Four Months in Bula: Why Would I Do It Again
My name is Rita, and I'm currently finishing my Master's in Economics at Nova SBE. Last semester, I enjoyed doing an internship, as a research assistant for Nova SBE NOVAFRICA Knowledge Center, on a project on Health and Beliefs in Guinea-Bissau. This project's main goal is to evaluate in which way the beliefs people have influence their demand for healthcare. It was an amazing experience that taught me so much, both at a professional and personal level. 4 months that initially looked like a long time but ended up passing by so fast, leaving that bittersweet sensation of departing from a place where I felt at home.
The first days were a little bit agitated. I arrived alone in Bissau, but there were other members of Nova SBE NOVAFRICA Knowledge Center waiting for me and ready to show me around. Initially, we stayed in Bissau for a couple of days to get some things prepared for the project (such as buying a cell phone card and many other things that can only be done correctly in the capital). Eventually, we left for Bula, the place where we would stay for most of the time. Bula is a small city (even though it does not look like a city at all), close to Bissau, about one hour and something away by car. This was where we had our office and where we conducted all the project-related activities. Bula was definitely less developed than I was expecting: there was only one main road, electricity had a schedule (some hours in the morning and some hours in the evening), piped water was a rare thing, and everyone seemed to have a very rural kind of life. After some time living there I got used to the place! We were always hanging out with our neighbors, and we started to know people a little bit everywhere.
After some delays, very usual when working in Guinea Bissau, we were finally able to get things going on the fieldwork. Our goal there was to organize the implementation of a baseline household survey. We had to train the enumerators (the people who would conduct the survey questions), and then we were ready to start the interviews. We were supposed to interview pregnant women or mothers of children younger than 5 years old, in approximately 160 villages. The survey provided data on mothers' characteristics, beliefs related to religion and ethnicity, health behaviors, on children's anthropometric measures, and other household characteristics. During the internship, I would go to the field with the teams and observe interviews, which was incredibly interesting and taught me a lot about the context of rural Guinea-Bissau. For me, this was definitely the most interesting part of my experience. It has given me a whole new perspective regarding the data, where it comes from, and why it is important to collect it carefully and with rigor. On the other days, I stayed in the office, which was also my house and looked at the data we got on the previous days to check its quality and see if there were any problems.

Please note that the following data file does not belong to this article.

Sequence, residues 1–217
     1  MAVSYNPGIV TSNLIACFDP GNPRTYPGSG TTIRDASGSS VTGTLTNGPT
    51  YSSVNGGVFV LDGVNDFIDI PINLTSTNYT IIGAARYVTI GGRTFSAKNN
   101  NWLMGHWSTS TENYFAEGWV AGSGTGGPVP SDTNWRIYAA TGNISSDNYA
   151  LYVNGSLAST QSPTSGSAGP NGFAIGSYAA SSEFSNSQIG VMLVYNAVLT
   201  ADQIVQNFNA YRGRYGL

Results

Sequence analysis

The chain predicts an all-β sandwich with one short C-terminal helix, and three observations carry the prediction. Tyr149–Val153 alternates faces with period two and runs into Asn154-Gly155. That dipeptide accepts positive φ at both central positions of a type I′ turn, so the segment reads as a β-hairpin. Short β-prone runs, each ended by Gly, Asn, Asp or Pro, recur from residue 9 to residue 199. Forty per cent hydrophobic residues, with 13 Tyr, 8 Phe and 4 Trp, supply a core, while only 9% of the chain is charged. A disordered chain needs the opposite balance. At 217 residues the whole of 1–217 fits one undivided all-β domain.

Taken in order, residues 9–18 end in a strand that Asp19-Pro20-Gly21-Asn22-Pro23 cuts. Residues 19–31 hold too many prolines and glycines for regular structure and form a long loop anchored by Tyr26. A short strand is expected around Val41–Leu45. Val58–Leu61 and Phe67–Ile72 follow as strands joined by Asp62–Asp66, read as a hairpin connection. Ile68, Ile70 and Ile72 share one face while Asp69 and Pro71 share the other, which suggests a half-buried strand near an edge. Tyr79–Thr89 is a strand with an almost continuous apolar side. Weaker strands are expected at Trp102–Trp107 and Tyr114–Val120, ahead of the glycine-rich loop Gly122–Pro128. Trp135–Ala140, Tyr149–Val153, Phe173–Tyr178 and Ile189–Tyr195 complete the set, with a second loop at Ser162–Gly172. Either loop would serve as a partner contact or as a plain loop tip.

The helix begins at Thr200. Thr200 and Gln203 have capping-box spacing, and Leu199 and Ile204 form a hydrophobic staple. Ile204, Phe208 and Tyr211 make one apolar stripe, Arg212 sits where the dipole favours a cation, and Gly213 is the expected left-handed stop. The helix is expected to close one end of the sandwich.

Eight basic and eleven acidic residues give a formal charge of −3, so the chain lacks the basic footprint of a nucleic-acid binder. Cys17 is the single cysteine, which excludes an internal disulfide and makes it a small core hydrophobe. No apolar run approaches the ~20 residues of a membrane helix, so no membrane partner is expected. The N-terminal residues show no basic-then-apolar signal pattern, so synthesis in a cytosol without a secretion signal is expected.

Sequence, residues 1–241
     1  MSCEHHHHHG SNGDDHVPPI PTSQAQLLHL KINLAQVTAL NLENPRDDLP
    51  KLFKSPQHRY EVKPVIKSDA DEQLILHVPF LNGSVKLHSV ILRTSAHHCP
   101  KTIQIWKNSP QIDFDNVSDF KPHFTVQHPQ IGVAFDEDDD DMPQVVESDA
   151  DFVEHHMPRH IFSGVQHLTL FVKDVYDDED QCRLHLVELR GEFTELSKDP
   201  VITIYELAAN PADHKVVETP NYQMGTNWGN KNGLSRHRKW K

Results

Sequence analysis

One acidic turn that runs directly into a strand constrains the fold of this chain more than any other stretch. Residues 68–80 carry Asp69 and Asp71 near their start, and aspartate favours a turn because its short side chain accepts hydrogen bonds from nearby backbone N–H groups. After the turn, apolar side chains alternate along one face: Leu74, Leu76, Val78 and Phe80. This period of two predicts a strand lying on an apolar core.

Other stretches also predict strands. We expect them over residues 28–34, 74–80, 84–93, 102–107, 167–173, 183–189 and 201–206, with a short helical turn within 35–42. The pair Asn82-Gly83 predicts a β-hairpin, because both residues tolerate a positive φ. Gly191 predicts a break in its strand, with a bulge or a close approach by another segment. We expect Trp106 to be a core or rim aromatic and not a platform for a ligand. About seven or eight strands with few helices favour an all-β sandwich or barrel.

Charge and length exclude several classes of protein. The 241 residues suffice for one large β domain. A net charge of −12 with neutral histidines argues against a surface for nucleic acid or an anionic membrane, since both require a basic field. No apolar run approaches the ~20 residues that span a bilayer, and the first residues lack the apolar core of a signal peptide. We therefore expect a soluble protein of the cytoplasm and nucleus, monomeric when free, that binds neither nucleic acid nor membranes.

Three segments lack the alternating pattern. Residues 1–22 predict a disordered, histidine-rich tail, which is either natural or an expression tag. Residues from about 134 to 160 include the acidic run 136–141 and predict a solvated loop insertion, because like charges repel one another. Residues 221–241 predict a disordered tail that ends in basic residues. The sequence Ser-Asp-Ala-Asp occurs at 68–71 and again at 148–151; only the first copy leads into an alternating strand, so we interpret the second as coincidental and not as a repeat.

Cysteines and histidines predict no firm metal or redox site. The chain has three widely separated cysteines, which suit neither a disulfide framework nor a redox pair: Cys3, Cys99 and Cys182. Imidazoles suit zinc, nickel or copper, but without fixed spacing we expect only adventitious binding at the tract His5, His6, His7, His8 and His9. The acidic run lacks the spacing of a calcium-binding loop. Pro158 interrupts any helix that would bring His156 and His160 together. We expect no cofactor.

As a development economics student, I think this experience really shaped my views towards research by allowing me to realize how complex it is to develop empirical work and how important all subparts are in creating quality work later on. Besides, it showed me the challenges of conducting research in a developing country's context. Many of the things we usually do very easily in countries like Portugal turn out to be much more difficult in countries like Guinea-Bissau. Logistical plans are often complicated because of the circumstances, the lack of electricity or cell phone network, and the constant internet cuts. Problems that I wasn't very used to deal with, happen quite often in Guinea-Bissau, and become just a normal part of work there. I believe the adaptation to a different context was an essential part of this experience, which ultimately taught me a lot about working in a context with many unexpected things happening simultaneously, and where usually the initial plan simply doesn't work out.
One of the best parts of living in Guinea-Bissau was the people I was able to meet there. After learning a little bit of Crioulo it was much easier to communicate with everyone. People are usually quite nice and really like to chat, are always ready to drink a beer or share their meals with you. It was also by meeting people there that I was able to learn so much about the country; it's immense culture and traditions. Besides, I had the pleasure to meet foreigners, just like me, that were working in Guinea-Bissau in different NGO, which was also an interesting contact with a reality I was not very familiar with. Last but not least, I meet a wonderful friend, with whom I shared a house, an office, a job, and many moments of joy. To her (Freda), I'm incredibly thankful for all the patience and laughs.
Overall, I think this experience has made me a complete person. On the professional side there were many challenges that contributed to improve my knowledge regarding empirical research and enhance my interest in development economics. On the personal side, it was a gathering of new experiences, new people, and new places that has definitely left its mark on me. I can't wait to go back.
This content was originally published in Novafrica.org